Oooh, that's splice-y!

I’d like to introduce this blog in a way that makes sense to the world outside of my own mind – the evolution of this blog is somewhat convoluted today, as is the time in which we are now working – and especially so, as I am about to launch a new business on Wall Street in New York City, during a financial crisis

I am currently working on building out an HD fiber solution pointing to Azzurro, here in New York City, from a Wall Street conference center.

Verizon Business HD DVTS field engineers came to the space in Wall Street last Friday to do a site survey, they followed fiber through shaft-ways and floor boards and determined that the fiber was live but they couldn’t track down exactly where the splice led to.This is common in New York City, apparently the fiber in question was first dropped in 01/2008 and the engineer who did it is no longer “available” to fulfill the work-order. A random splice that leads to somewhere, just not exactly sure where somewhere is.

Although my active background focused on Enterprise technology, having served 7 years at JPMorganChase HQ in NYC, I spent a lot of time working in and around the Enterprise infrastructure building out their streaming media solutions – through 3 mergers, multiple integrations and “refresh” projects – and I tell you what… the corporate enterprise and the infrastructures we find in the large cities translate quite literally by a matter of scale, only varying by the number of “boxes” and dependencies crammed into what some may just sum up as the “cloud” – I reject the whole concept of the cloud – they do translate quite literally, with all the same vulnerabilities, bubble-gum hybrid cross-connects and good intentions.

INFRASTRUCTURE: Don’t let your eyes glaze over

I notice my friends just smile and nod when I try to engage them in conversations about the importance of a stable, scalable and dynamic infrastructure – for streaming media professionals and now all of the Broadcast Media, the infrastructure is what makes it all happen 24/7 in HD. It won’t be such a distant issue when you turn on your television in order to watch the big PPV game, and your cable operator has lost the two-way broadcast connectivity with your set top box (Frequency out of range) – then it will be YOUR issue. In the mean time, let’s think about how to proactively acknowledge what may seem like minor issues today, minor issues that could potentially amplify in scale as broadcasters and consumers move onto new networks, that could intensify and eventually become huge risk factors.

UPDATE:  10/17/2008 ****  This article just posted on CRAINS

FCC fines Time Warner for blocking channels

Time Warner Cable Inc. and Cox Communications Inc. each received fines for using a technology that prevents some customers from accessing certain channels.


For example, the situation with Verizon I mentioned previously, that scenario got my wheels turning and I thought, what a great metaphor for the broadcast industry and how we are bursting ahead! We know we are moving ahead very quickly, it is fiber afterall, we are just not quite sure where we are going to end up!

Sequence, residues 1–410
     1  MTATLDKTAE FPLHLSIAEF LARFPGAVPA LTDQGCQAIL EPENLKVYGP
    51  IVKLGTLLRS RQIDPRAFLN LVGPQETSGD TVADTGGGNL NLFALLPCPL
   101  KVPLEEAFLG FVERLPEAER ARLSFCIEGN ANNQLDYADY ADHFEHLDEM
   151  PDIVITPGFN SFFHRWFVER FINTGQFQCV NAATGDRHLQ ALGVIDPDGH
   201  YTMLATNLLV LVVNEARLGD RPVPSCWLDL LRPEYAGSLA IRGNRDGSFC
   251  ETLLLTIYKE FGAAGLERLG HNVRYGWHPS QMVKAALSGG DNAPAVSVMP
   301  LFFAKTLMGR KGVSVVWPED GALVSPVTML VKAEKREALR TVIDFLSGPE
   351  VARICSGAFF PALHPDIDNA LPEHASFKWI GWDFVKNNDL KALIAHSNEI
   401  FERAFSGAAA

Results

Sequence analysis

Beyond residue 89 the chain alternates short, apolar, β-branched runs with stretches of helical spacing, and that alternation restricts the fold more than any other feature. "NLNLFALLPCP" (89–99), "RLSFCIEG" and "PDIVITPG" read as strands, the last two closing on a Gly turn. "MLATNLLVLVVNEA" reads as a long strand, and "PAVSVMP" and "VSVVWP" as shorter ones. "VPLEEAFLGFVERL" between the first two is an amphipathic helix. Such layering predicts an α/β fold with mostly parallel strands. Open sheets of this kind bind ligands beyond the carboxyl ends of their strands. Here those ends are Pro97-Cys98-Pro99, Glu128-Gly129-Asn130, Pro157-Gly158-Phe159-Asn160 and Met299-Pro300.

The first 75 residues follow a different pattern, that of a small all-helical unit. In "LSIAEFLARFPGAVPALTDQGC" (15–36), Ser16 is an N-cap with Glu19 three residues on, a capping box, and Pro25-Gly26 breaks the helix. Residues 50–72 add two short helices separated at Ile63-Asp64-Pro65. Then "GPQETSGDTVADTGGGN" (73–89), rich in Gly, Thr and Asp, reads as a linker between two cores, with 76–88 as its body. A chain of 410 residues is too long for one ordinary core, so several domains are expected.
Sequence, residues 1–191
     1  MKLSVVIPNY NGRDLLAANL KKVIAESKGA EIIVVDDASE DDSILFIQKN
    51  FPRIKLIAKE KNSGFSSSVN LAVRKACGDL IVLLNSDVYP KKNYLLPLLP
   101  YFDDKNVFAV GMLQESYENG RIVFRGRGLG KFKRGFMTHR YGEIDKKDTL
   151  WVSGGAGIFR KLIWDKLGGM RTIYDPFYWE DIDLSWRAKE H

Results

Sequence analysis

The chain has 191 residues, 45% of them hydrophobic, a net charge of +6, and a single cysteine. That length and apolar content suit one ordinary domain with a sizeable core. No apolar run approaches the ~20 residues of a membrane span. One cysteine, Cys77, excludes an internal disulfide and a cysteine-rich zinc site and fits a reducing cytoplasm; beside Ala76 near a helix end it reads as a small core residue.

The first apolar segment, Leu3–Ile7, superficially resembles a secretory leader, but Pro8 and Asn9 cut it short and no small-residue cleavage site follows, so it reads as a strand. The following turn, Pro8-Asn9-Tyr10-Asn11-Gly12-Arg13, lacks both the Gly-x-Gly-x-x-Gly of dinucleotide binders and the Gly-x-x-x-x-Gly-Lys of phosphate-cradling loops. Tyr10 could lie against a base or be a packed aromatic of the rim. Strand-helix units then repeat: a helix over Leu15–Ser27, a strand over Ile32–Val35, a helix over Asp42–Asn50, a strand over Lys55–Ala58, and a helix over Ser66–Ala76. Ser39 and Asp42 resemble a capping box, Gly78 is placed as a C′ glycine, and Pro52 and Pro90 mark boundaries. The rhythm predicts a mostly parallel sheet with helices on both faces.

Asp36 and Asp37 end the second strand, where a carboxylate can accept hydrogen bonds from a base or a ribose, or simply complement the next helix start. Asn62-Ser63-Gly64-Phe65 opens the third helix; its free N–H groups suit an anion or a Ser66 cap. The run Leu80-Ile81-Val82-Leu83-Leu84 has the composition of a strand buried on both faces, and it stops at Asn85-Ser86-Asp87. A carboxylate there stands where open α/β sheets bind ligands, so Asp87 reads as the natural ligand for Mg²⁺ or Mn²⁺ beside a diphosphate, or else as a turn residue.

GORILLA ENGINEERING: Only on weekends…

The situation with Verizon is not the first time I found myself watching an engineer peer up a shaftway or crawl under a floor panel only to hear him say, “Not sure where it’s going, but it’s going somewhere” – when it was Time Warner Cable at my Chelsea townhouse, the engineer asked if he could disconnect everything while I run up-stairs and call him on his cell, so he could reconnect each cable, line-by-line, in order to track down which cable is going where by process of elimination – well that worked in a 4 story building with a total of 5 STB‘s and 1 RoadRunner connection; however, you can’t just unplug every connection in a 40 story office building in Wall Street and triage one connection at a time, or can you?

They have some brilliant minds at work that will figure it all out, map it and fix it… but the infrastructure in New York City is a mess. Go up to any NYC rooftop and take a good, long look around those cables flung over the roof tops and and phone lines hanging on the fire escapes, that is our communications infrastructure… an angry squirrel could take down your command center if you are not careful!


I was working on a project to bring some broadcast and streaming services to and from Istanbul, Turkey – a quick forensics on the infrastructure in Turkey made me think, “this is just another Enterprise unto itself” – and the cables over the rooftops and across the lamp posts can be mapped, triaged, optimized… When I was told that there is no geo-restriction in Turkey, we quickly found that wasn’t truly the case – it is probably just not an openly discussed public policy on the government platform;however, on the ISP level, you can’t get in and out without the blessings of the policy controllers on their networks.

We have these issue here in the good ole’ USA, in case you haven’t heard or suspected – Comcast admitted to throttling bandwidth for sites that they deemed bandwidth hogs. If Turkey doesn’t want to be “seen” by US metrics gathering systems, etc. it won’t be, per se… There are so many battles being waged in this arena, I won’t go back to it unless something outrageous happens that impacts Broadcast, specifically. I promise i will try to anyway 😉


The random networking models that are merging and emerging are getting “spliced” together at times in a haphazard fashion, amalgams are then formed and the results are what are driving the new broadcast business model.

The line between streaming and non-streaming broadcast media technologies has blurred… in such a way, where you really need to squint your eyes at the future, lean forward and try to follow that splice to see where it is going.